“It happens.  It’s part of the sport,” Stroup admitted.  “Forrest Clouse would have been my first fight where my opponent was taller than me.  He’s pretty tall for the weight class.  Things happen.  I’m just happy and hoping this fight goes through.  I just want to get fighting.”

Stroup’s new opponent, Lee, is a stocky middleweight, and, at 5-foot-10, is five inches shorter than Stroup.

“From what I’ve seen, he looks like a pretty thick dude,” Stroup stated.  “It looks like he’s going to throw some bombs.  He looks like a tough guy.  I don’t know too much about him.  I’m taller and longer.  Definitely my ground game is an advantage.  I feel that my advantage is anywhere the fight goes for this one.”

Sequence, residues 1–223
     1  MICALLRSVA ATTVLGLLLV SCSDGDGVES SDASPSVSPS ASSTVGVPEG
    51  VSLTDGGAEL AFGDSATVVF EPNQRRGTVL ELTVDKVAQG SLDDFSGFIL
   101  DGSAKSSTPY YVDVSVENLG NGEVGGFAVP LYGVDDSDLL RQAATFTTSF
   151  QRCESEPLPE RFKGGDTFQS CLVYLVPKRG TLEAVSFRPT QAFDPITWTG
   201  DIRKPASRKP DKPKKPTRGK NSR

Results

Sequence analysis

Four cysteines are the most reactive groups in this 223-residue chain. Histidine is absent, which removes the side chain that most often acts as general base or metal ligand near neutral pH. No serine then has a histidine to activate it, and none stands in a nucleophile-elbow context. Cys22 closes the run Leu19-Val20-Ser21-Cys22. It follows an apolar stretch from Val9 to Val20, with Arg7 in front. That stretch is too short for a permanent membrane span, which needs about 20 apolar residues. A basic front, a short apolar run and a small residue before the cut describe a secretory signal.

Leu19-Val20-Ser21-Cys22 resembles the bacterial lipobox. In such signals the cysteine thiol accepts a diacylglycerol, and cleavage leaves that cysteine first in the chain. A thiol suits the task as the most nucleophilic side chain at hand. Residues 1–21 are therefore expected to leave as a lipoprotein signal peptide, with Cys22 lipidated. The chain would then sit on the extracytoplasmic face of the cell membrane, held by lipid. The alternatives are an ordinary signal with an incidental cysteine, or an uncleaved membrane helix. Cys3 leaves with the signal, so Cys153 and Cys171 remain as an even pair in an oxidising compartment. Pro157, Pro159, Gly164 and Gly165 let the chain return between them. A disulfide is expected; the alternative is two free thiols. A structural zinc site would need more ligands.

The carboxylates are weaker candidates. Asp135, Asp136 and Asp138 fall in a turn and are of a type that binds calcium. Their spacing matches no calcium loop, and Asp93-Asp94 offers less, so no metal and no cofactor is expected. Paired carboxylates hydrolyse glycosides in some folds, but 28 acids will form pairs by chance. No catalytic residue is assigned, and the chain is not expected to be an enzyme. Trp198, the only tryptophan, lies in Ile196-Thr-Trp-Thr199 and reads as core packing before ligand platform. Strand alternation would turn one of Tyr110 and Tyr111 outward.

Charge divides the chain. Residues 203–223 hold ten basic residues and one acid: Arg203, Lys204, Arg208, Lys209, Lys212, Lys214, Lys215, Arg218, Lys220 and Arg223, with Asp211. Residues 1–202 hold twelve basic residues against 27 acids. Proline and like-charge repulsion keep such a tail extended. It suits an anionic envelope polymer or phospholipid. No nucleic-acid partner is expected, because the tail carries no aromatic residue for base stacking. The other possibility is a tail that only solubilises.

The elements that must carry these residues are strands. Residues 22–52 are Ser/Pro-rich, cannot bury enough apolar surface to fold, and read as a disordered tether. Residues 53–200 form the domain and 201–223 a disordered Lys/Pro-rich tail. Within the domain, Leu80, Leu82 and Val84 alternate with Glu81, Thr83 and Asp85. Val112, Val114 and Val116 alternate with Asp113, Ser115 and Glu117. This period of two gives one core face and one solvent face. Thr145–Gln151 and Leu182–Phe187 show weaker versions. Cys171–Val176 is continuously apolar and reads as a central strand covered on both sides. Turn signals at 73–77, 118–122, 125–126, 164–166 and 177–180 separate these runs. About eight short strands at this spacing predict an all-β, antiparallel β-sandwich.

Stroup is feeling very confident for his third pro fight, no matter who his opponent is.

“I feel good about the match-up,” Stroup explained.  “I’ve been working real hard for this since July, getting back in shape to get another fight.  I feel good about any match-up.  I’m just going to come out there and do my thing.”

And, what is his “thing”?

“I would like to finish this thing in the first or second round, either by submission or TKO,” Stroup stated.  “I really don’t want it to go to the third round.”

Stroup is now training full-time as a professional fighter, less than a year into his professional fighting career.  He is a dedicated athlete that loves to fight, and that is pretty much all he focuses on.

“I don’t really know what’s next,” Stroup said.  “I don’t know if I’ll be able to squeeze another one in before the year’s over.  It depends on how healthy I am.  I just want to stay busy and keep fighting.”

Stroup (L) looks for a flying knee (Paul Kincaid/Sanskirt Photography)

Stroup’s aspirations for the future aren’t much different.